Trends in direct cremation
Most people would agree that direct cremation is a growing trend in the UK, but it’s surprising how little we still know about it…
According to the University of Bath, whose Centre for Death and Society is the focal point for most UK research into death and dying, “no independent British research has been conducted into who chooses direct cremation and what kind of ceremony does, or does not, follow”.
Academia doesn’t know why people choose direct cremation, nor can it accurately define what the process looks like for a family. It is generally understood as a cremation without mourners present, a viewing or a funeral service prior to the cremation, but beyond that opinions can vary.
So what do we know?
We know that a steady increase in direct cremations has been observed in many studies. The Co-op has claimed a 5% increase following David Bowie’s death, and Royal London likewise highlighted an unspecified “increase”. It seems likely that the proportion of direct cremations is in the low single digit percentages but its progress has seemed pretty remorseless over recent years. Dignity is predicting that 10% of funerals will be direct cremation as early as 2023. The figures and reasoning behind these statements can be commercially driven, so it is helpful that we can turn to public surveys to get a more direct feel for families’ expectations.
A YouGov Omnibus survey by the NAFD recently revealed that 38% of British adults would be likely to consider a direct cremation for themselves, and 28% would for a loved one. SunLife, meanwhile, found that less than half of the people they spoke to were even aware of direct cremations, while 44% of those who did organise one also held a separate memorial service.
If direct cremation is still in its infancy and views remain jumbled and somewhat contradictory, what we really need to understand are the motives behind people who do take up direct cremation.
There is one source of academic evidence: a submission by Dr Pocklington to the Journal of Law & Religion, which looks in-depth at families’ motives. He found that while affordability was one main factor, another was “lifestyle choice”.
He illustrated this with the story of “Andrew and Anne”:
“When Andrew passed away, his wife Anne knew that he would want to avoid the ‘pomp of glass-sided hearses and a ceremony in the crematorium’. The couple met at university, both had long, distinguished careers in academia before taking early retirement. They were financially comfortable and had a happy life together, full of friends and travels.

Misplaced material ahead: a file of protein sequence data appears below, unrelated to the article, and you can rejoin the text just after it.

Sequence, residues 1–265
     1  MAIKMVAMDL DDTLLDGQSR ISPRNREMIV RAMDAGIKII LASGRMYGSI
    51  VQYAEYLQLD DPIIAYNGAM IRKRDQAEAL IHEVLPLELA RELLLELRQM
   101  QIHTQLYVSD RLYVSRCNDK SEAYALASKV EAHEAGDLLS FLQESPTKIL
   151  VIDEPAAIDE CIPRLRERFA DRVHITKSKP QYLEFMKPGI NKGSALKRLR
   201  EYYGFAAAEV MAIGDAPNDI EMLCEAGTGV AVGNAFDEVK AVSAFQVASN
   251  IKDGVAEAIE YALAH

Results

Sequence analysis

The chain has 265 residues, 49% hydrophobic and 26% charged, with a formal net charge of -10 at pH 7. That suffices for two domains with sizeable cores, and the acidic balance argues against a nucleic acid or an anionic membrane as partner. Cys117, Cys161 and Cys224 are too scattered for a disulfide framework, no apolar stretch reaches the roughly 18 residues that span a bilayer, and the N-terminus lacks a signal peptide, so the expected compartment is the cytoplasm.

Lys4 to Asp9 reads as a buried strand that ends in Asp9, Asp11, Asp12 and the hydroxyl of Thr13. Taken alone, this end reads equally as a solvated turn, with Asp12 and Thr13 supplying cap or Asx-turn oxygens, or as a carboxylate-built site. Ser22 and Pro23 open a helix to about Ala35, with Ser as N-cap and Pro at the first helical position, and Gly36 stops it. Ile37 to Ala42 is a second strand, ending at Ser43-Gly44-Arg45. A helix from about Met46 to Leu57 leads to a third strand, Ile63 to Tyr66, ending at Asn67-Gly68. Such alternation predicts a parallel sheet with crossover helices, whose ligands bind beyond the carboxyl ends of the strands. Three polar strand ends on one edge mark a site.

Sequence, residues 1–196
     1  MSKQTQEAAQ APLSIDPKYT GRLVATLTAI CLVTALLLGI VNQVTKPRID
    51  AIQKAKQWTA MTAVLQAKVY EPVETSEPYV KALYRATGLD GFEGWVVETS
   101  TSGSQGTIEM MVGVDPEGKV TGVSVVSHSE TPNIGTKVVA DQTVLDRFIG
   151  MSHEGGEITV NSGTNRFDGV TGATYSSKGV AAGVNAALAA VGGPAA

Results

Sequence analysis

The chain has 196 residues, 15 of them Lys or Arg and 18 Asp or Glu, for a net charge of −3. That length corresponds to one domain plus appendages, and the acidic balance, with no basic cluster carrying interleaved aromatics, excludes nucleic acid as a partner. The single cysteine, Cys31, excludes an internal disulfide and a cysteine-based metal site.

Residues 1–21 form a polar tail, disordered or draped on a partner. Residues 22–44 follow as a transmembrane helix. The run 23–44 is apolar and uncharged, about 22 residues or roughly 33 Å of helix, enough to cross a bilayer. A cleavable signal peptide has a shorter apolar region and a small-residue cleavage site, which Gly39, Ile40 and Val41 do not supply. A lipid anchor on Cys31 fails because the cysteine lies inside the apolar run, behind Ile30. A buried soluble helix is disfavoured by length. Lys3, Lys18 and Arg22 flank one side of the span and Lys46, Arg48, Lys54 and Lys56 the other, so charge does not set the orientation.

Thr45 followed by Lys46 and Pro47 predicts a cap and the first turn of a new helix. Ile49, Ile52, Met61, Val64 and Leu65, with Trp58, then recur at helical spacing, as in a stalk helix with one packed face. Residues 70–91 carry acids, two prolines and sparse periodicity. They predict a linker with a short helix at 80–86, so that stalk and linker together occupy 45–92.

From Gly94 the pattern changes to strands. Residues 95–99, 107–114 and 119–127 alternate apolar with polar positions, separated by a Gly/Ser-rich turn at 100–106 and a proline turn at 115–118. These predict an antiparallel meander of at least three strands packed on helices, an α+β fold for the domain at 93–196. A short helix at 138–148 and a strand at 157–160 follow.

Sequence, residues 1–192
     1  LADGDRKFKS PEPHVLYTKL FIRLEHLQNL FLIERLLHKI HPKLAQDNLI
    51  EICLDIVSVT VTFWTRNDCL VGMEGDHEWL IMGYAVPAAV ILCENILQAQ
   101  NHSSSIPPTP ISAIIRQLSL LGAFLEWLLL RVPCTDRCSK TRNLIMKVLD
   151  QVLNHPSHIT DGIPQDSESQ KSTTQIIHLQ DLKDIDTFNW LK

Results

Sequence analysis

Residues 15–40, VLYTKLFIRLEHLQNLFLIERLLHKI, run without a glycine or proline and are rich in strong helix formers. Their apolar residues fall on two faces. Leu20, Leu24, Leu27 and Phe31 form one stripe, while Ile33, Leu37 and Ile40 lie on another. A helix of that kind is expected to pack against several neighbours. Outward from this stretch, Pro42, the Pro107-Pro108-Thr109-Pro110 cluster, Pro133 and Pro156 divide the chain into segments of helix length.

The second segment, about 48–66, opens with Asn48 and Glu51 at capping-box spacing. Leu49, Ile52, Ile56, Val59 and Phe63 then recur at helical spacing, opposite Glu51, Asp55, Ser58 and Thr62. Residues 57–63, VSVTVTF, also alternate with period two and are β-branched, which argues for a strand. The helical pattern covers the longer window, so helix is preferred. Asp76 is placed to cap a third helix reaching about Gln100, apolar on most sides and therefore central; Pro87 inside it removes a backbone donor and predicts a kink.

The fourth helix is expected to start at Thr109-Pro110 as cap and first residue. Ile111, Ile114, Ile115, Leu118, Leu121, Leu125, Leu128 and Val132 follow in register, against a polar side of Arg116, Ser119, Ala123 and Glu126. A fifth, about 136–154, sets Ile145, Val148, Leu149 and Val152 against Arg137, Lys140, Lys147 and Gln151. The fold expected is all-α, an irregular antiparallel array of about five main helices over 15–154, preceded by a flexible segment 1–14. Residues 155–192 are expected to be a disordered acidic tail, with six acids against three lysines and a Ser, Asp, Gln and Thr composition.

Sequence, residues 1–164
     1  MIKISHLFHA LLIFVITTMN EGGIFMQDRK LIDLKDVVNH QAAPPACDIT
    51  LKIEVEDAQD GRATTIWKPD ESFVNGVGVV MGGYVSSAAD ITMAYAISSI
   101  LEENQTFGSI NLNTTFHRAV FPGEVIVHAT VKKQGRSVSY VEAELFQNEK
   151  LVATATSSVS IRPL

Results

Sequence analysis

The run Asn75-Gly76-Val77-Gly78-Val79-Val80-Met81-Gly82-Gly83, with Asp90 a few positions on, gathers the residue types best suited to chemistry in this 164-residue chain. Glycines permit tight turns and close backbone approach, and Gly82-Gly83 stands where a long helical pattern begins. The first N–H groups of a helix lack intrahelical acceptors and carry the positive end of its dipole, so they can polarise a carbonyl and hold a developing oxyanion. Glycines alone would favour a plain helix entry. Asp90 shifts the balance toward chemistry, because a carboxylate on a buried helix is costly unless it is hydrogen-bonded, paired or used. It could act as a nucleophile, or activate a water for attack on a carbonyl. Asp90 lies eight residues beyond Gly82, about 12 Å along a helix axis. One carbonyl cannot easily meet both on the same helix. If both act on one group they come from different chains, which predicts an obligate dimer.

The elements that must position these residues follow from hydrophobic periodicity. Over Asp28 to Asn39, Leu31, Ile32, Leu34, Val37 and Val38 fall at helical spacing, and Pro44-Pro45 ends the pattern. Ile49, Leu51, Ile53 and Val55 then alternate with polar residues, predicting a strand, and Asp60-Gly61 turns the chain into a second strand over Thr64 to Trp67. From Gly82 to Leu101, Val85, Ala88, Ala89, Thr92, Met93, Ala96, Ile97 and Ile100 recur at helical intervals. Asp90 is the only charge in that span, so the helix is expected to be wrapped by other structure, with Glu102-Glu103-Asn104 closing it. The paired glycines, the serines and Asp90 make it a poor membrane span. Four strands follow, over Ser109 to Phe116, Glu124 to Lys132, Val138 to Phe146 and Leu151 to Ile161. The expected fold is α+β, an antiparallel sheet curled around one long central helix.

“Keen to celebrate his life and his achievements, rather than focus on his death, the family opted for a direct cremation. By holding a direct cremation, the family had more time to prepare a meaningful memorial, which took place some weeks later. Without the complication of the body, his wife Anne felt confident to organise the memorial service herself, without professional assistance. Family and friends held a picnic in the park. They ate together, shared memories and then scattered Andrew’s ashes in his favourite spot.”
Similarly, Golden Charter has found that consumers on “middling to high incomes” have purchased almost four in every 10 of the direct cremation plans taken out with the company. Given the NAFD’s findings that a wide range of the UK population would consider direct cremation, it is clear that families are making an active choice to view the ‘disposal’ and ‘memorial’ separately, and not simply making this decision as the result of modest income.
Competitors to Independents are increasingly talking about direct cremation, but the way they do so is changing.
Phrases such as “funerals without the fuss”, the Co-op’s “cremation without a service”, and Simplicity Cremations’ “I find all those pallbearers a bit of a carry on” might start to conflate direct cremation with a more stripped down funera l service that is nevertheless a service.
It remains to be seen if this development reflects families’ changing needs, or if instead families are expecting more than a direct cremation when this language is used.
The risk is that families choose a direct cremation but add a service and other extras, potentially costing themselves more effort and money than a more typical funeral demands.
This new language mustn’t drift too close to implying that a direct cremation is a funeral: if direct cremation is to be a legitimate option in future, there has to be a clear distinction between it and a funeral service, to ensure the right family gets the right option.
Families are clearly interested in making a personal choice. With funeral directors still seen as the experts and first port of call, Independents have the chance to make sure those families are fully informed.
As we continue to understand what direct cremation means to families, and what the options are in the wider marketplace, Independents will be better equipped to ensure families can make the best decision for them.Tags: analysis, Centre for Death and Society, Co-op, David Bowie, Dignity, direct cremation, Golden Charter, NAFD, research, survey, trends, University of Bath, YouGov